Weinstein jokes about pic's travails as Scorsese joins U2
NEW YORK — Monday’s Gotham preem for “Gangs of New York” proved Miramax knows how to throw a party. And this one was a generation in the making.
The star-filled soiree, held in the palatial antechamber of the New York Public Library, marked the fruition of one of Hollywood’s most obsessively followed film projects.
Reveling in the night (which coincided with the arrival on newsstands of an assaultive New Yorker profile), Miramax boss Harvey Weinstein was able to joke about the pic’s travails.
“We didn’t want to tell anybody, but we actually finished the picture in six weeks, and came in $50 million under budget,” he quipped. “We all just went to live on an island for a few months and wondered what we were going to do with the rest of the money.”
Miramax certainly spared no expense on the bash. On hand for musical entertainment were U2 front men Bono and the Edge, who performed a live rendition of a song from the soundtrack.
“I’d like to announce that Martin Scorsese is going to join the band,” joked Bono after an effusive introduction from the helmer. “It’s going to be our new direction.”
Crowd reaction to the pic was largely positive.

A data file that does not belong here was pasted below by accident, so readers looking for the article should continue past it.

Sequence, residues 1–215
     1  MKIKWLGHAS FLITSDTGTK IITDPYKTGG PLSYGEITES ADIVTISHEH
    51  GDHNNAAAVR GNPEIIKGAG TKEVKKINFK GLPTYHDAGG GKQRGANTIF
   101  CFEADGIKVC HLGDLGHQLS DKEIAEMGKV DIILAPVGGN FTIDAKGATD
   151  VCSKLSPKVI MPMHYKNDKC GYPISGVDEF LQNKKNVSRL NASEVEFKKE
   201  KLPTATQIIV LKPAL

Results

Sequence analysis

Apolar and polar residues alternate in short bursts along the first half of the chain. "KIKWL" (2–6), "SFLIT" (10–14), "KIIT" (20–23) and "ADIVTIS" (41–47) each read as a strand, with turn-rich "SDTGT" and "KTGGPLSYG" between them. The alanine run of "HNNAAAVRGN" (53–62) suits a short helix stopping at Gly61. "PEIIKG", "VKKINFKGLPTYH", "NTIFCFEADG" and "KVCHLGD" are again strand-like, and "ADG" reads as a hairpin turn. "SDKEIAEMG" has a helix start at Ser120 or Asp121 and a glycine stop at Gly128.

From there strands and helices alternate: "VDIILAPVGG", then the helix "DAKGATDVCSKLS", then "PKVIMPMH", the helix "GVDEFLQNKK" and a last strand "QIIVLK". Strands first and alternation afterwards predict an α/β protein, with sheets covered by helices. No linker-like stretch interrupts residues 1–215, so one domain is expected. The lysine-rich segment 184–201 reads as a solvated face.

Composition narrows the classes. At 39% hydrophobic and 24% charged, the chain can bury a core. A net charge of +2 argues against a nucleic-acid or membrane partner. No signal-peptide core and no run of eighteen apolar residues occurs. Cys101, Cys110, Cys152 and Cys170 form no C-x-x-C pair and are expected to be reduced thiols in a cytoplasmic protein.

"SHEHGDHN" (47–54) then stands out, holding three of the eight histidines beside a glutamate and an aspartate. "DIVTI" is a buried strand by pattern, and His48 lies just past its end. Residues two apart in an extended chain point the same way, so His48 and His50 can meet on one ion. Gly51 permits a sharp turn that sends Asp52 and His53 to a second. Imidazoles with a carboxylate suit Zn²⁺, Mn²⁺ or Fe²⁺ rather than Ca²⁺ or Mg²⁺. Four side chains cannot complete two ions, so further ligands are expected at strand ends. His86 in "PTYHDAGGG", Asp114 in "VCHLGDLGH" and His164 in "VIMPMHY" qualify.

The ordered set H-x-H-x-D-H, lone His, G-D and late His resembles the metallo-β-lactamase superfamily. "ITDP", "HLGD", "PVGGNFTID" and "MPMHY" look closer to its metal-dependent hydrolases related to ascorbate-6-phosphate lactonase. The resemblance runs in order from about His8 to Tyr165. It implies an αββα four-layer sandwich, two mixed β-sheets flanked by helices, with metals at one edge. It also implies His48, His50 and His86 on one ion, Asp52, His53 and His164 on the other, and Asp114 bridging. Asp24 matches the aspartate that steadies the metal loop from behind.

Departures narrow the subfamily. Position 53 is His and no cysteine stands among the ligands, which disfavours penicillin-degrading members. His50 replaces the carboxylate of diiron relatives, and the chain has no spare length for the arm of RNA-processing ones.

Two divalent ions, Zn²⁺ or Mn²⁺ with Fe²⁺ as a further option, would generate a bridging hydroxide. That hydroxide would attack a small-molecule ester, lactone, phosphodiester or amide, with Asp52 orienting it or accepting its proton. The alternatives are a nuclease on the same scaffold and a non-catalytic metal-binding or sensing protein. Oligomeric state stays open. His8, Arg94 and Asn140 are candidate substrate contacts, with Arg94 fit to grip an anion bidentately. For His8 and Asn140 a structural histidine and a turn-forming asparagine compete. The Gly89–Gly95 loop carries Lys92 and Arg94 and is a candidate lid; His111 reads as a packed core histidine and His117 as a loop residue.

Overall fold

“I thought it was fantastic,” said “Saturday Night Live” funnyman Jimmy Fallon. “It was pretty violent, but that was part of the story.”
Scorsese himself was mobbed for the duration of the event with similarly effusive sentiments.
The party got off to a late start at about 10:45 p.m., as the overbooked screening crowd at the Ziegfeld Theater (and an overflow showing at the Paris on 58th Street) flooded in after the 2 hour 38 minute pic. But attendees were more than happy to come in out of the frigid Gotham winter night.
The “Gangs” cast was well represented. Stars Leonardo DiCaprio and Daniel Day-Lewis (sporting a freshly shaven dome) turned out, as did co-star Cameron Diaz in ruffled black pants and a lavender fedora.
Also moving through the crowd were Nicole Kidman, Tim Robbins model Naomi Campbell and songwriter Robbie Robertson, among others.